Civil War Amendments

Pages: 2 (663 words) Published: December 5, 2013

Civil War Amendments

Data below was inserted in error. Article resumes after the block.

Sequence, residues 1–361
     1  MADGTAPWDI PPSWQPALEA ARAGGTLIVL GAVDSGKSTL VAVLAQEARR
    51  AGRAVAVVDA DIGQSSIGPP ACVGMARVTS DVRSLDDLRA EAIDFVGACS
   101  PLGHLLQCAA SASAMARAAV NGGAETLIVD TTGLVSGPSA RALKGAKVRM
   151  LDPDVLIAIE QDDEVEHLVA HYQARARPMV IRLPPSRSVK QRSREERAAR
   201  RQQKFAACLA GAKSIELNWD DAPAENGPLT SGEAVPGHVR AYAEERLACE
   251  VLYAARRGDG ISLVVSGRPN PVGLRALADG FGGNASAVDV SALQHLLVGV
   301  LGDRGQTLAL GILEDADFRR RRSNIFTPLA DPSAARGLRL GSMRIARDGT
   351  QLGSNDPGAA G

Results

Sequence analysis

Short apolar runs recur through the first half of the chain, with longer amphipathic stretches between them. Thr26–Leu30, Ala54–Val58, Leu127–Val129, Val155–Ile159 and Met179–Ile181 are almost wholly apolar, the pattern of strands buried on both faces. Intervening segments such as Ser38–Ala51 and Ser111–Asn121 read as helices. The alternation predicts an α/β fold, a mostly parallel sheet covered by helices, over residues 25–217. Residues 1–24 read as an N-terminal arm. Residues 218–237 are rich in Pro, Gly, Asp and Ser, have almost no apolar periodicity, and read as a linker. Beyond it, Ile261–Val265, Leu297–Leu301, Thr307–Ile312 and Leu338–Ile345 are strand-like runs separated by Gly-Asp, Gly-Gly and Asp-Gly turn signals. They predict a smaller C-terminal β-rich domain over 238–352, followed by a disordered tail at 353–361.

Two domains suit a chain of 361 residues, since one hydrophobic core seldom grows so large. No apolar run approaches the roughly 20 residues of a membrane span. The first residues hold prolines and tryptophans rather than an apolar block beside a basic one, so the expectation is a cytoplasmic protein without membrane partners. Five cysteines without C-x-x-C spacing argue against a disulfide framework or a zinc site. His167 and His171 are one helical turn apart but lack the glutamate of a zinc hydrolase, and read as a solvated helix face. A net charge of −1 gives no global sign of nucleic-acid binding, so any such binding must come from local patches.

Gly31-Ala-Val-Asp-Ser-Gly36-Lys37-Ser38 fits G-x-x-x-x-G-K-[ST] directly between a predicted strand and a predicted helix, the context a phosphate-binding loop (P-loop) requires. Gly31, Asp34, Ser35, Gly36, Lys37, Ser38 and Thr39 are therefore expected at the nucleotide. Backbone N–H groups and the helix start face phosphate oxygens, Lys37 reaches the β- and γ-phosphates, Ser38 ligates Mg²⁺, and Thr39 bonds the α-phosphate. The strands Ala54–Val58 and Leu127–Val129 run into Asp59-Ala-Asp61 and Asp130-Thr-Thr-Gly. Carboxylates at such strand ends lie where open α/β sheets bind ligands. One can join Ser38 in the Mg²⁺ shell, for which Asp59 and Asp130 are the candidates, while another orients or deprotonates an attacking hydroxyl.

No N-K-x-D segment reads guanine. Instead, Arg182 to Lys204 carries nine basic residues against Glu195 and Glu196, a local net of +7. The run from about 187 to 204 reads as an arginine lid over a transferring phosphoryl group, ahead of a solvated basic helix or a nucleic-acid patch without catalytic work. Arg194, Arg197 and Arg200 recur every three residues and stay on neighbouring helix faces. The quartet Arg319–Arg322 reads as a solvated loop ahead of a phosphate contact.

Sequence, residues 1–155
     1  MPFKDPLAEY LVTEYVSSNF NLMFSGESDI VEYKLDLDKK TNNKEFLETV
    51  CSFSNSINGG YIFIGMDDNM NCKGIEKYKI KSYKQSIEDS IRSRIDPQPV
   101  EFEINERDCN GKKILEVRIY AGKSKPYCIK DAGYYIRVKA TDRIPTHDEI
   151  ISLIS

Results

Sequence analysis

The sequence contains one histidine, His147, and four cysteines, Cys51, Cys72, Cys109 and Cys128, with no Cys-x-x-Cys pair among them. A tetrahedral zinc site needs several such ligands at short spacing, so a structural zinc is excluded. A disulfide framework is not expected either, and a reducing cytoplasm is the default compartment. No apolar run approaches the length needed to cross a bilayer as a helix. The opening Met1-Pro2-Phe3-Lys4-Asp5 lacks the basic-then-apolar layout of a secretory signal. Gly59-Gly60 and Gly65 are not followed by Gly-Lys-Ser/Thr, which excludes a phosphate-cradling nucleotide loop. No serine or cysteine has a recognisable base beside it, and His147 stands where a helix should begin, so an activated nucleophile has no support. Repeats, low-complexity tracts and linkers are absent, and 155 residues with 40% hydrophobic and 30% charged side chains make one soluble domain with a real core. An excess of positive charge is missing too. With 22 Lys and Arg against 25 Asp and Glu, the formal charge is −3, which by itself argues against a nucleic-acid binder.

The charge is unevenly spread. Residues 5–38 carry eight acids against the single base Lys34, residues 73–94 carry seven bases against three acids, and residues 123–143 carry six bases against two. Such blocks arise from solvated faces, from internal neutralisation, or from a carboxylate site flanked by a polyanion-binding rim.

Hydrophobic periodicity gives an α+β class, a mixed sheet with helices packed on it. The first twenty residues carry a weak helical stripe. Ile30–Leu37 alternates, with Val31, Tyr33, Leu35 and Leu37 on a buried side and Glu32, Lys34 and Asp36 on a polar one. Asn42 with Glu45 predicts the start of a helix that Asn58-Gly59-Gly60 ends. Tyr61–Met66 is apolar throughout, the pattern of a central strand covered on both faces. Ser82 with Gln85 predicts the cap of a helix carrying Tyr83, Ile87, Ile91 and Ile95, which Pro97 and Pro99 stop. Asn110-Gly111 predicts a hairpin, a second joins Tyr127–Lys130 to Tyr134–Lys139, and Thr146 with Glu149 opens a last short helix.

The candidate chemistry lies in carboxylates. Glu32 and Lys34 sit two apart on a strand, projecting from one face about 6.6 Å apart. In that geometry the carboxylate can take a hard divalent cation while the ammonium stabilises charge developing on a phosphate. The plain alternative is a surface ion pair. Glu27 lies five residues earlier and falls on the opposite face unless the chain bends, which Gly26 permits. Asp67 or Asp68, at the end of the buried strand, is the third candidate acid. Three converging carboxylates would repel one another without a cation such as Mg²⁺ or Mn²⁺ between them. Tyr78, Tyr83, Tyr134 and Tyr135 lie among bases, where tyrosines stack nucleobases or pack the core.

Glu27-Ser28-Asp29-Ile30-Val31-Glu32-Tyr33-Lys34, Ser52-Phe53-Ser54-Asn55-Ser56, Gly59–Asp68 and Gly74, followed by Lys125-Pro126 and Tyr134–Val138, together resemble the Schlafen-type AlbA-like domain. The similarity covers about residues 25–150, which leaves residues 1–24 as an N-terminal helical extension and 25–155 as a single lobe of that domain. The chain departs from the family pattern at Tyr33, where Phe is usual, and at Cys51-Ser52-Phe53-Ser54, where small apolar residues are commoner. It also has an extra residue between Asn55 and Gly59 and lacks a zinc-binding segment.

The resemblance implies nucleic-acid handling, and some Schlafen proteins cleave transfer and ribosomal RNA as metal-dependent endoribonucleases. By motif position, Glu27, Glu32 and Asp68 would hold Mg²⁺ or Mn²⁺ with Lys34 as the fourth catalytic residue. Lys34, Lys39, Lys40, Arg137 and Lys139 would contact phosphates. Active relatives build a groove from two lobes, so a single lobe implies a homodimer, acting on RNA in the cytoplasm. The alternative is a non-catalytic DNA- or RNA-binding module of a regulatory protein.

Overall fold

For four long years, a war raged on, a war being fought for the freedom of slaves. These men and women were held in bondage and seen as property by their owners. Brothers fought against brothers, to preserve the union, but also for the rights of African- Americans held in slavery. The war’s end brought a victory for the Union and freedom for the slaves. With Lincoln’s influence, constitutional amendments were ratified that provided the newly freed slaves with the right to vote and US citizenship. These amendments will provide a foundation for all civil rights for all Americans in years to come. The thirteenth amendment was ratified on December 6, 1863. This amendment abolished slavery and forbade forced labor, except as punishment for a crime. (Doc 2) Before the Civil War, men and women were victims of tyranny and were held against their will under the command of their owners. After the Battle of Antietam in the Civil War, President Lincoln gave the Emancipation Proclamation. He stated that any slaves in the states that were in rebellion against the Union, were declared free. (Doc 1) When the thirteenth amendment was passed, it was official that all men, women, and children held in slavery were declared free people in the country. Today, slavery does not exist in the United States, and never will in the future because of this amendment. The fourteenth amendment was ratified on July 9, 1868. This amendment guaranteed equal treatment and citizenship for all people in the country. (Doc 3) In 1857, years before the Civil War, Dred Scott took his case to win his freedom to the Supreme Court. The court ruled that slaves, such as Scott himself, who escaped to free states must return to their masters. (Doc 5) African- Americans were viewed as property in the white man’s eyes, They were sold and treated like livestock, but they had no choice for any other kind of treatment. These people were bound to the laws of slavery, until the Emancipation...
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